What specifies my performance???
• • • • • • Frequency Range Accuracy, Frequency & Amplitude Resolution Sensitivity Distortion Dynamic Range
9 kHz - 26.5 GHz
• • • Fundamental frequencies of our application. Harmonics or spurious signals on the high end which is required in wireless communications.. Base-band and IF on the low end.
Low frequencies for base band and IF
Measuring harmonics 50 GHz and beyond!
Accuracy : Bull’s Eye
• When talking about accuracy specifications, it is important to understand that there is both an absolute accuracy specification, and a relative accuracy specification. • The absolute measurement is made with a single marker. For example, the frequency and power level of a carrier for distortion measurements is an absolute measurement. • The relative measurement is made with the relative, or delta, marker. Examples include modulation frequencies, channel spacing, pulse repetition frequencies, and offset frequencies relative to the carrier. Relative measurements are more accurate than absolute measurements.
Absolute and Relative accuracy:
Absolute Amplitude in dBm
Relative Amplitude in dB
Relative Frequenc y
Various Types of Accuracies:
• • • • Frequency Readout Accuracy Frequency-reference accuracy Relative Amplitude Accuracy Absolute Amplitude Accuracy
• The Frequency Readout Accuracy is usually specified as the sum of several sources of errors, including frequency-reference inaccuracy, span error, and RBW center-frequency error. • Frequency-reference accuracy is determined by the basic architecture of the analyzer. The quality of the instrument's internal time-base is also a factor, however, many spectrum analyzers use a high-performance crystal oscillator as a standard or optional component, so this term is small • Spans < 2 MHz: ± (freq. readout x freq. ref. Accuracy
» » » + 1% of frequency span + 15% of resolution bandwidth + 10 Hz "residual error")
If we're measuring a signal at 2 GHz, using a 400 kHz span and a 3 kHz RBW, we can determine our frequency accuracy as follows: Frequency reference accuracy is calculated by adding up the sources of error shown (all of which can be found on the datasheet): Freq ref accuracy = 1.0 x 10-7 (aging) + 0.1 x 10-7 (temp stability) + 0.1 x 10-7 (setability) + 0.1 x 10-7 ( warm-up) = 1.3 x 10-7/yr. ref error Therefore, our frequency accuracy is: (2 x 109 Hz) x (1.3 x 10-7/yr) 1% of 400 kHz span 15% of 3 kHz RBW 10 Hz residual error Total = 260 Hz = 4000 Hz = 450 Hz = 10 Hz = 4720 Hz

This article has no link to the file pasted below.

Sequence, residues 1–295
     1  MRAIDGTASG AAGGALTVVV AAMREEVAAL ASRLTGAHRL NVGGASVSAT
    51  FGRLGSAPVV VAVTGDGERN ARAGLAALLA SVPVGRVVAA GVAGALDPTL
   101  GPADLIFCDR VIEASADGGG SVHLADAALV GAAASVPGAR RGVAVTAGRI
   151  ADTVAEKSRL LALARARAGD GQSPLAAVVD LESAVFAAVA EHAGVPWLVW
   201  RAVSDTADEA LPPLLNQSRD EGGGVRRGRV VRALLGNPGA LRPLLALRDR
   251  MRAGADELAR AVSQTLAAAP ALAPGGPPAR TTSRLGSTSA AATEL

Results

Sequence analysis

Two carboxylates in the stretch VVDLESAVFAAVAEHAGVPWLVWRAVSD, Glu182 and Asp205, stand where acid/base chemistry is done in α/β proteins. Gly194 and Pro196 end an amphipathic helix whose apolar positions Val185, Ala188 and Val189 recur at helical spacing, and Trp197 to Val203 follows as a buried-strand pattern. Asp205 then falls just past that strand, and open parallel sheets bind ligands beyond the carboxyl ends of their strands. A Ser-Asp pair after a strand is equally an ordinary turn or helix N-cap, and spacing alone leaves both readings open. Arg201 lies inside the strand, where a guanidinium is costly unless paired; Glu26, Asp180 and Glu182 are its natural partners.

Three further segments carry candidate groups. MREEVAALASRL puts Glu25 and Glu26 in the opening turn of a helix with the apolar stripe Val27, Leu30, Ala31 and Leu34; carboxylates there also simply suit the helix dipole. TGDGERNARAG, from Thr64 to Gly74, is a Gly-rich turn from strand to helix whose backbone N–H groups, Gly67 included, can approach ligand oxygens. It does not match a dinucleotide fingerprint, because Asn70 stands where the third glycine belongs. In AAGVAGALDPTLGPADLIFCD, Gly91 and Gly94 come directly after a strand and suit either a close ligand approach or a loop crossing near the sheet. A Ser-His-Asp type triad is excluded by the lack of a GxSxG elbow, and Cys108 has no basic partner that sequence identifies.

Span & RBW Errors
• Span error is often split into two specs, based on the fact that many spectrum analyzers are fully synthesized for small spans, but are open-loop tuned for larger spans • RBW error can be appreciable in some spectrum analyzers, especially for larger RBW settings, but in most cases it is much smaller than the span error. • • • There are two major design categories of modern spectrum analyzers: synthesized and free-running. In a synthesized analyzer, some or all of the oscillators are phaselocked to a single, traceable, reference oscillator These analyzers have typical accuracy's on the order of a few hundred hertz Spectrum analyzers employing a free-running architecture use a simpler design and offer moderate frequency accuracy at an economical price. Free-running analyzers offer typical accuracy's of a few megahertz
• Relative Amplitude Accuracy:
•Display fidelity •Frequency response •RF Input attenuator •Reference level •Resolution bandwidth •CRT scaling • When we make relative measurements on an incoming signal, we use some part of the signal as a reference. • For example, when we make second-harmonic distortion measurements, we use the fundamental of the signal as our reference. • Absolute values do not come into play; we are interested only in how the second harmonic differs in amplitude from the fundamental